By: Jonathan Alter, The Daily Beast, March 18, 2015

March 19, 2015 Posted by | Benjamin Netanyahu, Israel, United States | , , , , , , | Leave a comment

“Know Nothing, See Nothing, Do Nothing”: Boehner Waits For Obama’s Orders On War Authorization

For weeks, House Speaker John Boehner (R-Ohio) has been confronted with an awkward dynamic. He’s repeatedly expressed public support for U.S. military intervention against Islamic State militants, but he’s been lost as to how, or whether, Congress should meet its constitutional obligations in authorizing strikes on ISIS targets.

Would Congress act before giving itself another 54 days off? Boehner said no. Would Congress interrupt its pre-election break to do its duty? From Boehner, another no. Would Congress tackle the national-security crisis after the elections, during the lame-duck session? Last week, Boehner gave that a thumbs-down, too.

Yesterday, however, the beleaguered Speaker sat down with ABC’s George Stephanopoulos and took a slightly different posture. The host asked why Boehner doesn’t simply vote on a war resolution now, and the Speaker replied he’d be “happy to” to do just that.

“The president typically in a situation like this would call for an authorization vote and go sell that to the American people and send a resolution to the Hill. The president has not done that. He believes he has authority under existing resolutions. […]

“I think he does have the authority to do it. But the point I’m making is this is a proposal the Congress ought to consider.”

Boehner added, I believe for the first time, that he’s prepared to “bring the Congress back” into session, presumably before the elections, if President Obama presented lawmakers with a resolution authorizing the use of force.

Around the same time, Sen. John Barrasso (R-Wyo.) told Fox News that President Obama “has an obligation to call [lawmakers] back” into session to “start this debate” over ISIS.

This argument has been working its way through Republican circles for a couple of weeks, but it’s apparently become the semi-official GOP line at this point: Congress will meet its obligations, but it’s up to Obama to ask first. The “obligation,” to use Barrasso’s term, falls on the White House, which apparently is responsible for writing Congress’ to-do list.

I can appreciate the appeal of the talking point – it’s a creative way to blame the White House for Congress ignoring its responsibilities – but the argument’s repetition isn’t improving its quality. Indeed, there are two main flaws.

The first should be obvious: Congress is a co-equal branch of government. For leading lawmakers to say it’s up to the executive branch to send over a draft resolution for the legislative branch – a resolution lawmakers are perfectly capable of writing on their own given their basic job description – is very hard to take seriously.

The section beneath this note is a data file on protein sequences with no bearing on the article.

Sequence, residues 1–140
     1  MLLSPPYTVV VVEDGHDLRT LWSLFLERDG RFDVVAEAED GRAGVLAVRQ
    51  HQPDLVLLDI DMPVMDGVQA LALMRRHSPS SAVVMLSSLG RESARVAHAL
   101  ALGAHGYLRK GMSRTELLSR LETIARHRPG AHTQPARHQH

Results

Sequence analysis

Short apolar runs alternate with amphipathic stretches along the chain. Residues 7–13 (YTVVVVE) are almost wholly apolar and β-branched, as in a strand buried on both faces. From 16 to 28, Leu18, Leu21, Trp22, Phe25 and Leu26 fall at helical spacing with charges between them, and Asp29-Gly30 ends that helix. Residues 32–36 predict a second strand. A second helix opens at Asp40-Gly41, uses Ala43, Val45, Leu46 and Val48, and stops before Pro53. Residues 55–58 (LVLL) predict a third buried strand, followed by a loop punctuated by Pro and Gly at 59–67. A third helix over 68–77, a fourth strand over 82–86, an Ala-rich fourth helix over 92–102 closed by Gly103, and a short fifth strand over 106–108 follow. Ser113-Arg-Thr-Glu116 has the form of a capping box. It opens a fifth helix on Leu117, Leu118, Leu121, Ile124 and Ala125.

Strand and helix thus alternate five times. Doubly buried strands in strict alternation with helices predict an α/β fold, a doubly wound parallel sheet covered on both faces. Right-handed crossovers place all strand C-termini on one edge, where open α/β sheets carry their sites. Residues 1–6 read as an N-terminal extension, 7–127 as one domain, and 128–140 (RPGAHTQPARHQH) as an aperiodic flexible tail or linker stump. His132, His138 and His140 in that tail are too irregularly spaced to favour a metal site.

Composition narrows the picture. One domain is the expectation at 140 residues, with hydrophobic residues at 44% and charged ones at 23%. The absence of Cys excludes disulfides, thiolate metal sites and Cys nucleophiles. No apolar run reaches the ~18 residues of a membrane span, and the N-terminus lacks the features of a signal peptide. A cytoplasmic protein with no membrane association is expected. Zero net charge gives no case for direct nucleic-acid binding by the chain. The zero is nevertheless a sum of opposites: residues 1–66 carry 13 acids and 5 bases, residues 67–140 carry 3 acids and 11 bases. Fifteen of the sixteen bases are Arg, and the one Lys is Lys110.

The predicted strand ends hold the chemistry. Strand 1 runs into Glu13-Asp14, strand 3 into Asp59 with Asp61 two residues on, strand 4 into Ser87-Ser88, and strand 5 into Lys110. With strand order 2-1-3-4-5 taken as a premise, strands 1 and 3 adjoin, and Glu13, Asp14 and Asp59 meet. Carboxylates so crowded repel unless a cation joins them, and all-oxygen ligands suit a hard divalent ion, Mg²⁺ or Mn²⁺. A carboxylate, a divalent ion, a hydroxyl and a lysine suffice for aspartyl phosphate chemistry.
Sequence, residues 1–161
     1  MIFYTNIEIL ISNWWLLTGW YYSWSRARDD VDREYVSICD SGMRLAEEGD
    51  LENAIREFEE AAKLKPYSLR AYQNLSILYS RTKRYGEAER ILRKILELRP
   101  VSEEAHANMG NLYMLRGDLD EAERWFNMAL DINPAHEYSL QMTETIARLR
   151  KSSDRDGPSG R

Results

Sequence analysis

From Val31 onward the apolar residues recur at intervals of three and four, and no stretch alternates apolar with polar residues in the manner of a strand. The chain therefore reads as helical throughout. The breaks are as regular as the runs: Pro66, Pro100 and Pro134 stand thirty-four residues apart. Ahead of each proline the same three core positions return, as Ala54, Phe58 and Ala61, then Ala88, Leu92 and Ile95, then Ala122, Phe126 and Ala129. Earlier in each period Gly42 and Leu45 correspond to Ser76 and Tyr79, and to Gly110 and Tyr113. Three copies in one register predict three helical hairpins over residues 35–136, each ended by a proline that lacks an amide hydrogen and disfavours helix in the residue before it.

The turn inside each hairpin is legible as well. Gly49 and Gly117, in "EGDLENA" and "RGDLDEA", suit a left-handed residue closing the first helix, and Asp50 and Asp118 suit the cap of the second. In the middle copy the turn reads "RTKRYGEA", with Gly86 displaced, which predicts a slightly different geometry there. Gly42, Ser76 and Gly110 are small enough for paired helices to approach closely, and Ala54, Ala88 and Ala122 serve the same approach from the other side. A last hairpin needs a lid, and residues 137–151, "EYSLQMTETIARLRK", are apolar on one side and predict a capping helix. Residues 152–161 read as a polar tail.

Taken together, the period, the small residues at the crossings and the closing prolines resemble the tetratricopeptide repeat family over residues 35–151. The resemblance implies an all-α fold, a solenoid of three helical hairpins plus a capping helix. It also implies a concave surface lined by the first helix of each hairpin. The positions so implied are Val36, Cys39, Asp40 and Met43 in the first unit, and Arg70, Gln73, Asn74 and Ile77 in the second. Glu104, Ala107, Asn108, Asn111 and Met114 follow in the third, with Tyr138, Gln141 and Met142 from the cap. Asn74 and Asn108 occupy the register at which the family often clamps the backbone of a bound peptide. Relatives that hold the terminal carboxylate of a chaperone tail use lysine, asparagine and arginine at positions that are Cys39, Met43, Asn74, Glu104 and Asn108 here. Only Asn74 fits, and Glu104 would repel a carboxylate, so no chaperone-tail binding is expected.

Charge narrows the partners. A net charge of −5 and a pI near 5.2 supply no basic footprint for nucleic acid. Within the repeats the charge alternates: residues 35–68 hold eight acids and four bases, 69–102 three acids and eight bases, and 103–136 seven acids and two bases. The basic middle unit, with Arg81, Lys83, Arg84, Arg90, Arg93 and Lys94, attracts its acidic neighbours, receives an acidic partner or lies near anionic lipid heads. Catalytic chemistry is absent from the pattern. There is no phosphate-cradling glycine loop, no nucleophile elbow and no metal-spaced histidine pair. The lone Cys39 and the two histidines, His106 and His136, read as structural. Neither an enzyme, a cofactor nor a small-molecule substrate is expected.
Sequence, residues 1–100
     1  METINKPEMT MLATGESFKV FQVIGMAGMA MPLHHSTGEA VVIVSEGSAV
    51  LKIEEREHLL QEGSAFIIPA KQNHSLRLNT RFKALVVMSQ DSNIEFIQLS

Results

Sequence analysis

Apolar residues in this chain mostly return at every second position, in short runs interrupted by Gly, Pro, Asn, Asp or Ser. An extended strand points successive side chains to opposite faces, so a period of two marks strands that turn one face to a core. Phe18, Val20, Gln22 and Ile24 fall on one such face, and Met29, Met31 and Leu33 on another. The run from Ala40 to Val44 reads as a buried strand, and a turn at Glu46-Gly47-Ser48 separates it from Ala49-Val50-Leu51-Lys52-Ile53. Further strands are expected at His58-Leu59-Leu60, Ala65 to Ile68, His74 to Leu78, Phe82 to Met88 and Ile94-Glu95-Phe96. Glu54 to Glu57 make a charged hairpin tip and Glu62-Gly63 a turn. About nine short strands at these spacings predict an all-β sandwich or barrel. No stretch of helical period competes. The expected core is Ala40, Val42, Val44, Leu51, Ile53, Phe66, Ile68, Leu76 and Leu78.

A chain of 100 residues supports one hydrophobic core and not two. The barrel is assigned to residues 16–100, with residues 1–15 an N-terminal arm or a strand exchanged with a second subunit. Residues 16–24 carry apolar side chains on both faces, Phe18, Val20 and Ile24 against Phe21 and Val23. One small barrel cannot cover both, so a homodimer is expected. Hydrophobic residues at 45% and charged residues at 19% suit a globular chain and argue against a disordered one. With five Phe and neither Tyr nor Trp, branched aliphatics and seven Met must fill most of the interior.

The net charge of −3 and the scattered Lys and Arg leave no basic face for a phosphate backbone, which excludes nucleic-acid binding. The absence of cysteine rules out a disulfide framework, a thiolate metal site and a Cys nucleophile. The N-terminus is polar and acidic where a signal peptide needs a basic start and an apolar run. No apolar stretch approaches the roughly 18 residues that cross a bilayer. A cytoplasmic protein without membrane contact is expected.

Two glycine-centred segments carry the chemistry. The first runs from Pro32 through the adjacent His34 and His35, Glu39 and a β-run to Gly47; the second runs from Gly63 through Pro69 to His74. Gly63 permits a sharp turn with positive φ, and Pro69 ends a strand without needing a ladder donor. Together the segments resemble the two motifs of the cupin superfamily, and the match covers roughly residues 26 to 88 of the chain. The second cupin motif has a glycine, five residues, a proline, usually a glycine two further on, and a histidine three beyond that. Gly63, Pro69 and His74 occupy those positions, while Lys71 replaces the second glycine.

Not to put too fine a point on this, but writing bills is what members of Congress are paid to do. They’re called “lawmakers” for a reason. Neither Boehner nor anyone else who’s pushed the argument has even tried to explain why the legislative branch should just sit around, doing literally no work, waiting for presidential instructions, except to say this is “typically” how the process works.

This is obviously unpersuasive, but it’s also on weak factual ground. When President Clinton used military force in Kosovo, for example, congressional Republicans voted on a resolution that they, not the White House, wrote. The same is true when President Obama launched strikes in Libya. In fairness, these were not measures authorizing force, per se, but they were lawmakers weighing in on the scope of a U.S. military operation by voting on a resolution lawmakers authored.

What’s more, when President Reagan deployed U.S. troops to Lebanon, the White House accepted a congressional resolution, but it came from lawmakers, not the West Wing.

Rep. Adam Schiff (D-Calif.) said about Congress’ duties, “We’re not a suitor that has to wait to be asked to dance.” That’s exactly right. Even if lawmakers “typically” waited for a president to tell them what to do, that’s not how the American system is supposed to work, and upon further inspection, that’s not exactly how the process has “typically” worked, anyway.

Boehner told ABC yesterday he’s ready to “bring the Congress back” into session, but only if Obama does their work for them. Only the first half of that sentence makes sense.

Postscript: It’s worth noting that, on an institutional level, no one in Washington is performing brilliantly. The White House has launched a military offensive, but has struggled to connect the mission to previous resolutions authorizing force. Congressional Democrats, who aren’t all reading from the same script, haven’t exactly clamored en masse for a vote, either. Congressional Republicans, meanwhile, see ISIS as an existential threat to the nation, but they remain indifferent about doing real work, and worse, they’re trying to blame Obama for their inaction.

Among the three, it’s the House GOP that keeps pushing incoherent arguments in public, but no one is earning plaudits here.


By: Steve Benen, The Maddow Blog, September 29, 2014

September 30, 2014 Posted by | Congress, ISIS, John Boehner | , , , , , , | Leave a comment

“Scandal Envy Is An Ugly Thing”: Republicans Have Prioritized Keeping The Far-Right Base In A State Of Perpetual Rage